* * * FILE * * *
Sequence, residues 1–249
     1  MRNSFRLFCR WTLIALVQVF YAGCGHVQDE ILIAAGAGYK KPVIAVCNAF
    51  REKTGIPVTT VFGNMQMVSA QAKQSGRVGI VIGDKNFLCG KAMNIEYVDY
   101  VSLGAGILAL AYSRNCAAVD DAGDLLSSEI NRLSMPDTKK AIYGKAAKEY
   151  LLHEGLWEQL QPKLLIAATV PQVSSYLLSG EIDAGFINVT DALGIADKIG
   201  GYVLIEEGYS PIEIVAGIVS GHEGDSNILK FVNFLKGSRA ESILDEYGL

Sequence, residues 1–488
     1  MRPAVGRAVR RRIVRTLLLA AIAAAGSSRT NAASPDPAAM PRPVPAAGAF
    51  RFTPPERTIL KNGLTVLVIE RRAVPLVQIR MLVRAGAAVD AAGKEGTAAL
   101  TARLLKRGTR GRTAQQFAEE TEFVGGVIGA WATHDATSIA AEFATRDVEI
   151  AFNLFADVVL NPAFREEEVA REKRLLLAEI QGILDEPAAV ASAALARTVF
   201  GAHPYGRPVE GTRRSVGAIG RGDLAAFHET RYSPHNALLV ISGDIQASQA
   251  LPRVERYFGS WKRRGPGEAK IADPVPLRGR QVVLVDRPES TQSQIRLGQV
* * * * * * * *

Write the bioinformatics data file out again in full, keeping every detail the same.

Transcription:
Sequence, residues 1–249
     1  MRNSFRLFCR WTLIALVQVF YAGCGHVQDE ILIAAGAGYK KPVIAVCNAF
    51  REKTGIPVTT VFGNMQMVSA QAKQSGRVGI VIGDKNFLCG KAMNIEYVDY
   101  VSLGAGILAL AYSRNCAAVD DAGDLLSSEI NRLSMPDTKK AIYGKAAKEY
   151  LLHEGLWEQL QPKLLIAATV PQVSSYLLSG EIDAGFINVT DALGIADKIG
   201  GYVLIEEGYS PIEIVAGIVS GHEGDSNILK FVNFLKGSRA ESILDEYGL

Sequence, residues 1–488
     1  MRPAVGRAVR RRIVRTLLLA AIAAAGSSRT NAASPDPAAM PRPVPAAGAF
    51  RFTPPERTIL KNGLTVLVIE RRAVPLVQIR MLVRAGAAVD AAGKEGTAAL
   101  TARLLKRGTR GRTAQQFAEE TEFVGGVIGA WATHDATSIA AEFATRDVEI
   151  AFNLFADVVL NPAFREEEVA REKRLLLAEI QGILDEPAAV ASAALARTVF
   201  GAHPYGRPVE GTRRSVGAIG RGDLAAFHET RYSPHNALLV ISGDIQASQA
   251  LPRVERYFGS WKRRGPGEAK IADPVPLRGR QVVLVDRPES TQSQIRLGQV